Sunday 21 Jul 2024
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KUALA LUMPUR (Jan 13): Police in South Korea are reportedly searching for a Malaysian female in connection to the disappearance of millions of dollars in cash from a casino on a popular holiday island.

The Wall Steet Journal (WSJ) yesterday said that Jeju Shinhwa World, one of the largest resorts on Jeju Island, reported to police earlier this month that over 14 billion won, equivalent to US$13 million or RM52 million, had gone missing from the Landing Casino, where gamblers typically play baccarat and other high-stakes card games.

The report said Hong Kong-based casino operator Landing International Development Ltd had asked police to look for the female employee from Malaysia who had been in charge of the cash but hadn’t returned to work after leaving for a vacation at the end of December.

In a filing with the Hong Kong stock exchange, executive director Wong Hoi Po said Landing hadn’t been able to reach the woman.

The report, however, did not provide the identity of the Malaysian woman.

The WSJ said police believe that two or more people were involved in the operation.

It said the largest-denomination bill in South Korea is the 50,000-won note, worth around US$45 each.

If all the money was in 50,000-won bills, the haul would have comprised 291,200 individual notes and weighed nearly 620 pounds, making it difficult to pass undetected through airports or seaports, it added.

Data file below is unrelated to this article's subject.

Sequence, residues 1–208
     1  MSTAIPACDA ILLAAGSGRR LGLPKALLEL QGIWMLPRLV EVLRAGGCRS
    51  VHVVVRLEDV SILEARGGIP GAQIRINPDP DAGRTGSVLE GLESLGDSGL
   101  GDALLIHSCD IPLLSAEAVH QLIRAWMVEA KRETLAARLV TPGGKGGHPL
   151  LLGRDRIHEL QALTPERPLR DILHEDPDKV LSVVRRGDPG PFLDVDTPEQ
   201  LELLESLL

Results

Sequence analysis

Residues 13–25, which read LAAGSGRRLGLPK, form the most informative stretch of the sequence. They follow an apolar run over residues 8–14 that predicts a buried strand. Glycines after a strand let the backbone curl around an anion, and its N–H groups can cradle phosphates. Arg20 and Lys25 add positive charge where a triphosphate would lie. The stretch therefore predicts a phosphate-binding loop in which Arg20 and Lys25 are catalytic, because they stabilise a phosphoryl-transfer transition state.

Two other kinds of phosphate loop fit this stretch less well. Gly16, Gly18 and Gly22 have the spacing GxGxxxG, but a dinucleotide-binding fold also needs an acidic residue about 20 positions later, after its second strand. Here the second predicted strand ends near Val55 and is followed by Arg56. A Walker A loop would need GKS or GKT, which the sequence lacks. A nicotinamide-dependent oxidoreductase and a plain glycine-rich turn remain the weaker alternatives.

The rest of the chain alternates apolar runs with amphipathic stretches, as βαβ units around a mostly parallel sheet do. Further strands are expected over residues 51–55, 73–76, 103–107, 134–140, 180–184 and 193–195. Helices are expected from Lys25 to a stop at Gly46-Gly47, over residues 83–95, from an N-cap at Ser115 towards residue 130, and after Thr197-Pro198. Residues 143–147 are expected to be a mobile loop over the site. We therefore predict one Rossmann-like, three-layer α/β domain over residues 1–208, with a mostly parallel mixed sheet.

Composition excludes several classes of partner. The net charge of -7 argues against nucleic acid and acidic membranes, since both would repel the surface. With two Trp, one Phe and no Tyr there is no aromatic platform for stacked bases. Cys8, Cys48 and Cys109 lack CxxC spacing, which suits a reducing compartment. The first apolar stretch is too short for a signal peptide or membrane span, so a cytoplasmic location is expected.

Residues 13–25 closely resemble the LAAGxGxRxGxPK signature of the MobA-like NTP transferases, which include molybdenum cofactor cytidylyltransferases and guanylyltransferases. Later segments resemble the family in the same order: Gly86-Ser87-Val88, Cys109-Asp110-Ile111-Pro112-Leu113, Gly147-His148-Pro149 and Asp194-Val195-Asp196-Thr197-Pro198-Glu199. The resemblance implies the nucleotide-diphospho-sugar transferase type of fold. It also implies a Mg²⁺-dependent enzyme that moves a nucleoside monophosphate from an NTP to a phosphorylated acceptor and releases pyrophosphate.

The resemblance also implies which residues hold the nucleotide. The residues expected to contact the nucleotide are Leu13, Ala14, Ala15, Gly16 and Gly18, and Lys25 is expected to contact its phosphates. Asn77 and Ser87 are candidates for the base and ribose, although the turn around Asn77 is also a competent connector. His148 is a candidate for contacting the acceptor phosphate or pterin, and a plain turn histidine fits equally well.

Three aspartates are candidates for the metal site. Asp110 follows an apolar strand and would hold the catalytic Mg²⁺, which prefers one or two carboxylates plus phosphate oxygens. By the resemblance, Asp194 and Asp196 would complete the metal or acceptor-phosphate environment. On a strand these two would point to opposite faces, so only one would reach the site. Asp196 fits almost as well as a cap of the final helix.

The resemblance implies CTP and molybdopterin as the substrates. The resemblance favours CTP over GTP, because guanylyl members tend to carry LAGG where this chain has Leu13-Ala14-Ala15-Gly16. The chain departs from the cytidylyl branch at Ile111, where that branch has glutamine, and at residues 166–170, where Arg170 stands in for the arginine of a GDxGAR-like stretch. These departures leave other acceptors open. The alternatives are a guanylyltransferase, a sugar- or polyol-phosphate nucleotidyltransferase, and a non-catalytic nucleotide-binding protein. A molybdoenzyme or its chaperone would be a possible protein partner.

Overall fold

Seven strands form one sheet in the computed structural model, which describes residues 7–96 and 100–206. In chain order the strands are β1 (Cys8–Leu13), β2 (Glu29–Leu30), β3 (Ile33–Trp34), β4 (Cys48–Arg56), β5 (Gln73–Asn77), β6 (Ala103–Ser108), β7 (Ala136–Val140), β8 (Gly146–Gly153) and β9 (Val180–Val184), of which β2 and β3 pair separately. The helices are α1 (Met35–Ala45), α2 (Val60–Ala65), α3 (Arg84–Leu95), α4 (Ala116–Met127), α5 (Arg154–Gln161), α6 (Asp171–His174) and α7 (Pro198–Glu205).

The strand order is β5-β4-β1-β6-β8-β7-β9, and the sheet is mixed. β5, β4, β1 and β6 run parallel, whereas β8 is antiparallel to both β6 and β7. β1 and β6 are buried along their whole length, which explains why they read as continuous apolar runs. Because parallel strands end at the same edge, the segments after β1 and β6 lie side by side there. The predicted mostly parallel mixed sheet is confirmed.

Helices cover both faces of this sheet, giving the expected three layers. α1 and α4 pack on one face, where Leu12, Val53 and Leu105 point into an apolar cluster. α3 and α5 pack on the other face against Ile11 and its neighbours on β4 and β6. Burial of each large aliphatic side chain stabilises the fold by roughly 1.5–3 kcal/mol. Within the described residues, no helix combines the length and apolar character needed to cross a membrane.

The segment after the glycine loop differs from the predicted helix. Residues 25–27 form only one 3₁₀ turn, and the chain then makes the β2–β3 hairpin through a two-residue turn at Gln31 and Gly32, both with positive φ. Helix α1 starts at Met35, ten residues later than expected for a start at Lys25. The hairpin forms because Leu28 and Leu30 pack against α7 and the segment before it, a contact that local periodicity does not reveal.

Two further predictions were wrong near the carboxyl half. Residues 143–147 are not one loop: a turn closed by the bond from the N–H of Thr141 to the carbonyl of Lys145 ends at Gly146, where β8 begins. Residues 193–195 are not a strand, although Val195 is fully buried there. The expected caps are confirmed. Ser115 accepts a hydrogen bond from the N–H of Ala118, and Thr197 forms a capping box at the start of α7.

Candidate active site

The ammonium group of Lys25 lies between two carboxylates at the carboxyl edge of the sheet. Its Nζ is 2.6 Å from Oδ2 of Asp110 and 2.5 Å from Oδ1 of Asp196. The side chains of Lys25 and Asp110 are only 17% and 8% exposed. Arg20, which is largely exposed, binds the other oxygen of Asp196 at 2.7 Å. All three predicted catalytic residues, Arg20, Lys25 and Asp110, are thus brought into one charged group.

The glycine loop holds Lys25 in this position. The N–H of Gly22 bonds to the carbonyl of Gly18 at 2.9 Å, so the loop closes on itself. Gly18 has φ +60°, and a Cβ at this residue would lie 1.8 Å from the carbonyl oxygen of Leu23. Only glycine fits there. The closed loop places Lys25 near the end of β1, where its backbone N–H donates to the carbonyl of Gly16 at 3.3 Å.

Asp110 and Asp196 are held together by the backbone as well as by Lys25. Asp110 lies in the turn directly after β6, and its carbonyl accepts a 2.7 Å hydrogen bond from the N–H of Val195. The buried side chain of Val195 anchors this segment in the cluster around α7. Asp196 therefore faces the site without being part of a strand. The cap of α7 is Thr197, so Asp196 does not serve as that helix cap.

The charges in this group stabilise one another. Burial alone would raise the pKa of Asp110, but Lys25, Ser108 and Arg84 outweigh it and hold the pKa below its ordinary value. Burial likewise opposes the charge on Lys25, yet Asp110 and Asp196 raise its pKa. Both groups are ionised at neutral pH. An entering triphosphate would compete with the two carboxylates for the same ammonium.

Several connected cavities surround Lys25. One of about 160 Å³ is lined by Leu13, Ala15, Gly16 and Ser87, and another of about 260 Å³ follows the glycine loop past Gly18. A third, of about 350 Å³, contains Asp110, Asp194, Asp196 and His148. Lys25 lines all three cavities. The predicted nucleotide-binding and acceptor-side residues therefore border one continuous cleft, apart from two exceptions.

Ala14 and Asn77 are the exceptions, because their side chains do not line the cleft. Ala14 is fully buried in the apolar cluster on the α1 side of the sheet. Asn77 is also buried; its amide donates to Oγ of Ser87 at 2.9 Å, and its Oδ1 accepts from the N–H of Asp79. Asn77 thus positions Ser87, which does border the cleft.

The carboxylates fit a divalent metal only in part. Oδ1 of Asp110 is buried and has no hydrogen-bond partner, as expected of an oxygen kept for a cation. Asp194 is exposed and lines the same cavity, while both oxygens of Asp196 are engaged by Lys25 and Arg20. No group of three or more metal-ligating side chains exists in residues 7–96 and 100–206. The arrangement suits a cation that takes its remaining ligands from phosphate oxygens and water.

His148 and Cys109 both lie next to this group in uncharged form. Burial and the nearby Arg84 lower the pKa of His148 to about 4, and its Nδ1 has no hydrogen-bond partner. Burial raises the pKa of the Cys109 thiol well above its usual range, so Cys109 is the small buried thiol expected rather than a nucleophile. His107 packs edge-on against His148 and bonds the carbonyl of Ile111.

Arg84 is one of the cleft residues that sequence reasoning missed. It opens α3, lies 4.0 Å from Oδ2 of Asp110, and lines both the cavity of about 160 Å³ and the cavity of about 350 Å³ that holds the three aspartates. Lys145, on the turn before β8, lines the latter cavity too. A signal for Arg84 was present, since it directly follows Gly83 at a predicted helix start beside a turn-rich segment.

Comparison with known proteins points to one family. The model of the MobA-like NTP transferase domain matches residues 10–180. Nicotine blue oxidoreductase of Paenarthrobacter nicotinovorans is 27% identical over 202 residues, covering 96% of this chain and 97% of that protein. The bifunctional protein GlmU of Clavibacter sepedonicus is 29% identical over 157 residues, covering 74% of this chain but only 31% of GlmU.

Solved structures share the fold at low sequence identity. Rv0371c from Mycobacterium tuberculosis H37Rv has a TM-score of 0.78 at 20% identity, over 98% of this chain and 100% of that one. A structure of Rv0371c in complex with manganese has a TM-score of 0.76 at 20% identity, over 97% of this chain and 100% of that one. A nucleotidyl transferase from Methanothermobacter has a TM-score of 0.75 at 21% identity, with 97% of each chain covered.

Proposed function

The report added that the suspected theft is a jarring reminder of how some industries are still heavily dependent on cash despite a broader switch towards digital and online payments during the Covid-19 pandemic.

Casinos largely rely on cash for their business, protecting their high-security vaults and employing elaborate surveillance systems to deter robberies.

The WSJ said there had been some signs of change.

It said in the US, the Nevada Gaming Commission, which oversees Las Vegas’ casinos, last year approved rule changes clearing the way for cashless betting in casinos, while the American Gaming Association gave state and tribal regulators a list of priorities for modernising payment systems.

But industry experts said the success of such initiatives largely depends on whether players accept them, the WSJ reported.

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